1. Why are assessments done?
  2. What happens in an assessment?
  3. Who are the assessors?
  4. How much does an assessment cost?
  5. What happens after the assessment?

Why are assessments done?

When parents are unable to agree about parenting arrangements, and/or when there are questions regarding the parenting abilities of one or both parents, an assessment may be necessary. Parents can mutually agree to participate in a Parenting Plan assessment, or the court may order an assessment. The purpose is to evaluate the needs of the children and each parent’s respective ability to meet those needs. The assessment report may assist the court in making an order regarding parenting arrangements for children, or it may assist the parents in reaching an agreement.

What happens in an assessment?

The following steps are usually involved in conducting an assessment; however, the procedure may vary based on the specific needs of each client:

  • Separate interviews with each parent (may involve 1-3 interviews)
  • Interviews with each child
  • Home visits with children and each parent at the discretion of the assessor
  • Interviews with other relevant parties, such as new partners
  • Contact with other professionals involved with the family, including telephone interviews and obtaining relevant records
  • Review of all documents, interview notes, information of other professionals involved with the family
  • Preparation of written report

In some cases, the assessor may refer clients for a consultation regarding a specific issue, such as when the questions being raised involve possible substance abuse and/or significant mental health concerns involving one or both parents, or specific medical/psychological conditions involving a parent or child.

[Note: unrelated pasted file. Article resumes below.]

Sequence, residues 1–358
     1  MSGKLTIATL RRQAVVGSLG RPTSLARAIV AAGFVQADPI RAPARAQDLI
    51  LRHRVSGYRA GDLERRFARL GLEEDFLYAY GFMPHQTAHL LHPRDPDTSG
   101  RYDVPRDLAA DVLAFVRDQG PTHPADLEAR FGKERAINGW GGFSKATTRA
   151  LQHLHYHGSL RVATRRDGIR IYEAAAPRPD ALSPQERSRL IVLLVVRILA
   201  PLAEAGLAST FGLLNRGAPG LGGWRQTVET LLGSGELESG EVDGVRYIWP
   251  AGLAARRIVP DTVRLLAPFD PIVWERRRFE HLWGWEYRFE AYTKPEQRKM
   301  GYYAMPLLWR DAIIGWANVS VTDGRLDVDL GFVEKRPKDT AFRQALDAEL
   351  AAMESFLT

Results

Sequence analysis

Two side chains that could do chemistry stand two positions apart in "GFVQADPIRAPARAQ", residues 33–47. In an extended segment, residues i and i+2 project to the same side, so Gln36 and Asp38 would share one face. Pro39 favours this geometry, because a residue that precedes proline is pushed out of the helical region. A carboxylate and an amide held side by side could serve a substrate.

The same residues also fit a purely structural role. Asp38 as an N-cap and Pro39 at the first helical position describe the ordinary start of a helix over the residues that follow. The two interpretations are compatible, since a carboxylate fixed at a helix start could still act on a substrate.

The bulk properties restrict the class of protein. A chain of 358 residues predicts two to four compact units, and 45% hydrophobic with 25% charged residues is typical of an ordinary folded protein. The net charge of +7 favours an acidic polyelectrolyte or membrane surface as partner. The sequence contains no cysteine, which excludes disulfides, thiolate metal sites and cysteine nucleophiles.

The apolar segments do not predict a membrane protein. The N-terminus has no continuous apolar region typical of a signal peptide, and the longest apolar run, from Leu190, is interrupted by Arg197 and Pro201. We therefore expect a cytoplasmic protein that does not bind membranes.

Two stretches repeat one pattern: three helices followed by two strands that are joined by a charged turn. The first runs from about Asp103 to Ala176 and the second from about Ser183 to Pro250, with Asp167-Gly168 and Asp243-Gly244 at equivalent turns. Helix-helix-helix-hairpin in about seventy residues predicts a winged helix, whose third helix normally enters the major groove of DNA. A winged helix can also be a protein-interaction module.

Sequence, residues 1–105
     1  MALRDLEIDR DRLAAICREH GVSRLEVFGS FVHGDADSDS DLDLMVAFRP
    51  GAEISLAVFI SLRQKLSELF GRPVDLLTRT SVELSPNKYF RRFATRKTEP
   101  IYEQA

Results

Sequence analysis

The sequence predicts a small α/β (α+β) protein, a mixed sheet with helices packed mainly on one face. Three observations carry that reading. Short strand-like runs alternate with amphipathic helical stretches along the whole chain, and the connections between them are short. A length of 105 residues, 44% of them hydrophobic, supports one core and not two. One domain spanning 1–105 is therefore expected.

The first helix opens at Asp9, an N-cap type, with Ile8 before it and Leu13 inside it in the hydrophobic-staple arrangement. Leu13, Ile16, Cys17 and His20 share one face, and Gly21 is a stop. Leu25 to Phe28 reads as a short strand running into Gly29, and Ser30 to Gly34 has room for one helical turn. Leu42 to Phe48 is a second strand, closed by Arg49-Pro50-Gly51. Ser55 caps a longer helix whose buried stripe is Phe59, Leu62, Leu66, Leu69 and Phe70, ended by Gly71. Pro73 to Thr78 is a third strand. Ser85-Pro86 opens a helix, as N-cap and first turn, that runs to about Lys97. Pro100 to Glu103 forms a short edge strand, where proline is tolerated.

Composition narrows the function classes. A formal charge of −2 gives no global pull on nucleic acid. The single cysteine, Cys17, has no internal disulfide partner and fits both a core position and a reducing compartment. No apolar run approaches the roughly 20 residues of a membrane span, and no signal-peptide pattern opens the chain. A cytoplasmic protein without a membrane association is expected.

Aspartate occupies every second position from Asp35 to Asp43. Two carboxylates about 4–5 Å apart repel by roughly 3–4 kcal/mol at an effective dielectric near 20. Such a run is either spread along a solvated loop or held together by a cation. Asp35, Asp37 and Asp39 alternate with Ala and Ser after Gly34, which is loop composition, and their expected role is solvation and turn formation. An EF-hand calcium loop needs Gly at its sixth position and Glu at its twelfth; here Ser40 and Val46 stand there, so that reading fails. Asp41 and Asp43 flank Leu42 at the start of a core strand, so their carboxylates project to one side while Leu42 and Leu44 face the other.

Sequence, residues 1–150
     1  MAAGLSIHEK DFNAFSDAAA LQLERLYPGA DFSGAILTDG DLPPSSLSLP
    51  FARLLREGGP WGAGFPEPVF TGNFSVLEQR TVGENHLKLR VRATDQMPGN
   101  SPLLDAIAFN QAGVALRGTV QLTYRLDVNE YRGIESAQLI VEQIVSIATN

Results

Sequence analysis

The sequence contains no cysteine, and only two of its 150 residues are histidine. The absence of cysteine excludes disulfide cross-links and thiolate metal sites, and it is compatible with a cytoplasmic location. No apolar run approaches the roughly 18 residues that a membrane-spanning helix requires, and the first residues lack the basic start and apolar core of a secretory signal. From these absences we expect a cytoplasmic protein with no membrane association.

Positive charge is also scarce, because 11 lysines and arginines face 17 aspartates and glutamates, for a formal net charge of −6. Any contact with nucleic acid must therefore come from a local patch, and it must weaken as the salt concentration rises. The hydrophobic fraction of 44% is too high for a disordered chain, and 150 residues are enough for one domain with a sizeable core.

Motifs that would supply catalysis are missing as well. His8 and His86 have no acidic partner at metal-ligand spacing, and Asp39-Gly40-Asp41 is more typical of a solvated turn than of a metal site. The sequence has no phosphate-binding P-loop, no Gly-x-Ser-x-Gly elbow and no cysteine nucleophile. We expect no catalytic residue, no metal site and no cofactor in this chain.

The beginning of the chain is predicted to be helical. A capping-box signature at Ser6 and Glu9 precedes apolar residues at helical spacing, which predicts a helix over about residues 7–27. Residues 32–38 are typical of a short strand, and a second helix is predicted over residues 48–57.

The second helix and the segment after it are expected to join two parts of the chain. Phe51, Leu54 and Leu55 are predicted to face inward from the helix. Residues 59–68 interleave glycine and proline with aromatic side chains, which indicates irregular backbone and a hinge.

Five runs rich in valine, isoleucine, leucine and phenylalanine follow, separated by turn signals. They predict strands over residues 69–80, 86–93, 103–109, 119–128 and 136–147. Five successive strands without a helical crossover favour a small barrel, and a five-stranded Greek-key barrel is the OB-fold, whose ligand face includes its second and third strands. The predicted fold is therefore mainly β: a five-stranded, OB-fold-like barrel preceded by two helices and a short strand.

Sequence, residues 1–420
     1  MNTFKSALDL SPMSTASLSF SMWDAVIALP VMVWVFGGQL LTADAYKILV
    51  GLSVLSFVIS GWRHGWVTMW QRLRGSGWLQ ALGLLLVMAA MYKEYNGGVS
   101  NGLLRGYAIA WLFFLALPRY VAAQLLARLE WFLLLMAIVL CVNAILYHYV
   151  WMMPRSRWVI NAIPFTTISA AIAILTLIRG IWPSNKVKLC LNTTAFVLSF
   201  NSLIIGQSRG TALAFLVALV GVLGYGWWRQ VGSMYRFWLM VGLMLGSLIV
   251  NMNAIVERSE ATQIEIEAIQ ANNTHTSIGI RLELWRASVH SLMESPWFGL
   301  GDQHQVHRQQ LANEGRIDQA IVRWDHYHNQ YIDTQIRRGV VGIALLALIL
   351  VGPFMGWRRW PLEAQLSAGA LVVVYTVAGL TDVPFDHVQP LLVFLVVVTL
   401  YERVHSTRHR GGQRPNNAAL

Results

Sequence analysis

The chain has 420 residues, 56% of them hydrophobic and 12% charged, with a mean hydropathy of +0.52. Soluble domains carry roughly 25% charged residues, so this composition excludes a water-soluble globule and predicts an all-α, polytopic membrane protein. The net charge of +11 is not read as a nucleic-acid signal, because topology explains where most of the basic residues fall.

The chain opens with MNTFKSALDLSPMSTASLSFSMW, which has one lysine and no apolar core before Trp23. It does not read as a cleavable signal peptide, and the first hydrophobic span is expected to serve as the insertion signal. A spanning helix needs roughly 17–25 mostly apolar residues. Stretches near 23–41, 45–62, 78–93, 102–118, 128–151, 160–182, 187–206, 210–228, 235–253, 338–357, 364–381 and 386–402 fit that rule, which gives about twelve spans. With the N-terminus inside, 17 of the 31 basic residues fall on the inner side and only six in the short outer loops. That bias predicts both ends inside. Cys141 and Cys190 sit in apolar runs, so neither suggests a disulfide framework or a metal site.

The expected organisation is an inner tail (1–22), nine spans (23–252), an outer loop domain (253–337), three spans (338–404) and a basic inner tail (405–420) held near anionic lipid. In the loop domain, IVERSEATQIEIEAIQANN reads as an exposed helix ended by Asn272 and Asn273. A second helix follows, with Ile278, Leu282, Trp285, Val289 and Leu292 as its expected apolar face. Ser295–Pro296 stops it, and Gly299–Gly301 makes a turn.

The results of any consultation are considered in the preparation of the assessment report. A request for consultation is made only in exceptional circumstances where, in the opinion of the assessor, additional information is necessary for a full understanding of the needs of the children and the abilities of the parents to meet those needs.

Who are the assessors?

Parenting Plan assessors are mental health professionals, who have expertise in assessment procedures, child and adult mental health issues, child and adult divorce issues, child development as well as being knowledgeable regarding the applicable law and court procedures. Assessors typically follow established professional standards and guidelines, such as those set by their professional association.

How much does an assessment cost?

Cases vary in complexity, the number of interviews and contact with other professionals involved with the family, and disbursement costs, which might include, but are not limited to, travel, photocopying, costs for obtaining other professional reports (ie. medical reports). On average, assessments require 30-40 hours, paid at the assessor’s hourly rate. Parents are required to provide a retainer in advance. Parents usually share the cost of the assessment based on a cost-sharing formula determined by the parents or by the court.

What happens after the assessment?

The assessor provides a report of the findings and recommendations to the parents’ lawyers and, if relevant, to the court. Many parents, upon consultation with their lawyers, come to an agreement after receiving the assessor’s report. Where an agreement is not possible, the court will make an order. The assessor’s report may be submitted as evidence and the assessor may be required to testify.